Wednesday, March 9, 2011

March 2011: Our visit to the Jain Temple enroute to Jodhpur

With memories of the project behind us, we take a less-traveled highway so that we can visit a 600 year old Jain temple, built on permutations of the number 72, which is the age at which Sri Ranakpur attained enlightenment. We travel down a winding narrow highway, seeing a small stream below, then around a corner we catch the first glimpse of the exquisite White marble temple.

We arrive, reminded that Jains are non-violent in thought, word and deed, and rebelled against the cast system, seeing everyone equal, including all sentient beings. Jains will not eat any meat product, or any vegetable that may have involved the killing of insects. Therefore, they will not consume any root vegetable because it would involve the destruction of insects and worms that inhabit the soil. We are checked by security attendants to ensure we do not wear any item that is made of leather, and remove our shoes before entering the temple.

It is a hot day but the marble is cool beneath our feet, with 1600 columns supporting domed roofs and archways delicately carved with deities. The High Priest approaches us, laughing as he says, "Developing World Connections", adding that, "it is a good name". But before we can reflect on the meaning, he offers four of us a prayer, recited in Sanscrit, with a deep melodic resonance, strangely in sync with the sharp Chime of a bell, in another part of the temple, struck by devotees. His prayer has us at a loss for words, feeling that we experienced something sacred that dug down deep into each of our souls.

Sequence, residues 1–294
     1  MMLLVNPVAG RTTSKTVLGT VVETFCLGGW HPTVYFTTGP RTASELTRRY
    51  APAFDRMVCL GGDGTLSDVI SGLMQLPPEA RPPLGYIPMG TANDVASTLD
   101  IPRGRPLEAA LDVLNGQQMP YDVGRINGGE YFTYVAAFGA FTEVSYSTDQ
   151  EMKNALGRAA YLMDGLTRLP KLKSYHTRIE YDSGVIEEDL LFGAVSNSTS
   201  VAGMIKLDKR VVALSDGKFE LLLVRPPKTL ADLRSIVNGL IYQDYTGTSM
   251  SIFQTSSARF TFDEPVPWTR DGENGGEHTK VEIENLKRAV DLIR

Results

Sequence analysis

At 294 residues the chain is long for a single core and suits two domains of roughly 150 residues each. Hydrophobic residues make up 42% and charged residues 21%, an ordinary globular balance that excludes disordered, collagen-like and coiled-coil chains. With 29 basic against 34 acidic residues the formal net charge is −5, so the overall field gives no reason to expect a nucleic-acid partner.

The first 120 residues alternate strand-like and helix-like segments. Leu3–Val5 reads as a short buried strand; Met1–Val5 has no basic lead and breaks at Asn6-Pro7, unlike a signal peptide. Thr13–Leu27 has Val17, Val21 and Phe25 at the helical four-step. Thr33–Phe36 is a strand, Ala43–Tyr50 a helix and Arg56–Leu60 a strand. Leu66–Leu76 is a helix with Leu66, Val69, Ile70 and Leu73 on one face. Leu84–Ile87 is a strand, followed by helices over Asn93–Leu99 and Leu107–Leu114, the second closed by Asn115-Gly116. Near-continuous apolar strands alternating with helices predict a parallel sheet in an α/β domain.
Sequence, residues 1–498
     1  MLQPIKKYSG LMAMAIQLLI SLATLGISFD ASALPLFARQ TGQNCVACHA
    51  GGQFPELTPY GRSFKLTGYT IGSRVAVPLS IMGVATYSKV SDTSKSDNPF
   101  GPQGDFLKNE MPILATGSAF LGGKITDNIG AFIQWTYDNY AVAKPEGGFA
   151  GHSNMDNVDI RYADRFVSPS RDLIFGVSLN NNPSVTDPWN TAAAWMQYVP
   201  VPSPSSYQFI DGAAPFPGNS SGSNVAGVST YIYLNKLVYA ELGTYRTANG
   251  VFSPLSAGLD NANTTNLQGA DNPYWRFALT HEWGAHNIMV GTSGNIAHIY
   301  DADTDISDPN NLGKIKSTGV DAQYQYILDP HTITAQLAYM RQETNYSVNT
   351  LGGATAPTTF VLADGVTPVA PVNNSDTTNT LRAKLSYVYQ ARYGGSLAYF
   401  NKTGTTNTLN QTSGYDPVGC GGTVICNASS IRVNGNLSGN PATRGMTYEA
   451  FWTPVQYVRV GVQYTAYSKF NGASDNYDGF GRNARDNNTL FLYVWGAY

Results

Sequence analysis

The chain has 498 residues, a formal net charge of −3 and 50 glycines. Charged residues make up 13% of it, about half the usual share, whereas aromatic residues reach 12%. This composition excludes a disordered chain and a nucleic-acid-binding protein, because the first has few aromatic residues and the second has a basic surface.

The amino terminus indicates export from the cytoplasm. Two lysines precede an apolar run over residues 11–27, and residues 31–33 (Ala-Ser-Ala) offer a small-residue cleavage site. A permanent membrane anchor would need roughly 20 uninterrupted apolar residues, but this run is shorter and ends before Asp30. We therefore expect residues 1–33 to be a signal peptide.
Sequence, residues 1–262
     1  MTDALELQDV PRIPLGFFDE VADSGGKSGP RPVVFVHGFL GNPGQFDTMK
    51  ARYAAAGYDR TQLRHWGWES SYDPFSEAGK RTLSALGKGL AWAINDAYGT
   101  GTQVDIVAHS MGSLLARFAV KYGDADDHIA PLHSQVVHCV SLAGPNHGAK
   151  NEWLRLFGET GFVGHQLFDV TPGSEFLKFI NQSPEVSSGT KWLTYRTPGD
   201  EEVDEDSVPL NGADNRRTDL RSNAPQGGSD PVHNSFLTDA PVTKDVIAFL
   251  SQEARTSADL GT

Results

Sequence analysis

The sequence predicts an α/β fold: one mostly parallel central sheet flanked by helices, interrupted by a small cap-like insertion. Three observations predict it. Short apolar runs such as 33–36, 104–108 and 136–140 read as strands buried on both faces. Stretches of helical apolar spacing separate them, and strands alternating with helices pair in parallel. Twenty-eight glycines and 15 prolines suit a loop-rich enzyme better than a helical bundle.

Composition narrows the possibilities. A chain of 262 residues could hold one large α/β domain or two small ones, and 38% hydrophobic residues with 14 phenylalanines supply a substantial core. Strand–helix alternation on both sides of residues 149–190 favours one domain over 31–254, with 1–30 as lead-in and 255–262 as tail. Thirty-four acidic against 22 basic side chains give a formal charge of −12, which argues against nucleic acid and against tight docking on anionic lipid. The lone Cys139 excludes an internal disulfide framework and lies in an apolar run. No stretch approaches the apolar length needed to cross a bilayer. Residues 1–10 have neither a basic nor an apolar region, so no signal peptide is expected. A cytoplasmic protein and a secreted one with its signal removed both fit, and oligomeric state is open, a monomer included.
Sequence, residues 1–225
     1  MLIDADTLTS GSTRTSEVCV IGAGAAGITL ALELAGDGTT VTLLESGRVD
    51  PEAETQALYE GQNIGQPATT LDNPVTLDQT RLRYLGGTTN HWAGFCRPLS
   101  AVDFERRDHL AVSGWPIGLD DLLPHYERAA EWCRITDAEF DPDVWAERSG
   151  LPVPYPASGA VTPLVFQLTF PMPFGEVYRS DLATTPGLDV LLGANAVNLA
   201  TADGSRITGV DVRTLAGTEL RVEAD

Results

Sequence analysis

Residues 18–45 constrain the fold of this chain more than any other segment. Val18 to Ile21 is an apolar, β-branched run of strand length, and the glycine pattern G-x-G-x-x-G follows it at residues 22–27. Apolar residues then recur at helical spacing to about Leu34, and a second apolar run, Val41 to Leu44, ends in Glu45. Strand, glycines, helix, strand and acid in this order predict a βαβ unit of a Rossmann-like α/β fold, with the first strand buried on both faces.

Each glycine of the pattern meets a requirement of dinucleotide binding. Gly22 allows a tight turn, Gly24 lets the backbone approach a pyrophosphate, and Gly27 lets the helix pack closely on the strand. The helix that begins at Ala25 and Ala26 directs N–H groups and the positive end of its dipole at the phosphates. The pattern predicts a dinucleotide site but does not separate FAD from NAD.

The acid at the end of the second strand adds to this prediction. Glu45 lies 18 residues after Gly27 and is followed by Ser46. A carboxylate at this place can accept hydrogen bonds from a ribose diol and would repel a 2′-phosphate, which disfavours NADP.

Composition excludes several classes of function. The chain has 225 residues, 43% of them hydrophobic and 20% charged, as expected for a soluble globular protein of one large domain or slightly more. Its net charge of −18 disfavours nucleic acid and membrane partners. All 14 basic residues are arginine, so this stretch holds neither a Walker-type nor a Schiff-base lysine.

I wander among the columns, in awe of the absolute symmetry, all carved over a period of centuries by hand tools, reflecting down on the mirrored marble slabs, worn now, but only by bare feet, as we tourists have. I feel a strange connection with the generations of Jains that have inhabited this space as I wander over to watch Jain monk, in saffron and burgundy robe, mouth screen in place so that does not inadvertently inhale an insect and kill it. He is slowly but firmly drawing a large piece of sandalwood over the wet surface of a round, shallow piece of marble, grooved to act as a grinder, so that fine pieces of sandalwood collect in a wood and water slurry, to eventually be offered wet, and dry as incense, to God. It is a snapshot of something that has been going on since the very beginning of the Jain Order.

We continue to marvel, photograph, then with time ebbing, and more kilometers to go, we bid goodbye to Sri Ranakpur.

Cam Grant

DWC Team Leader

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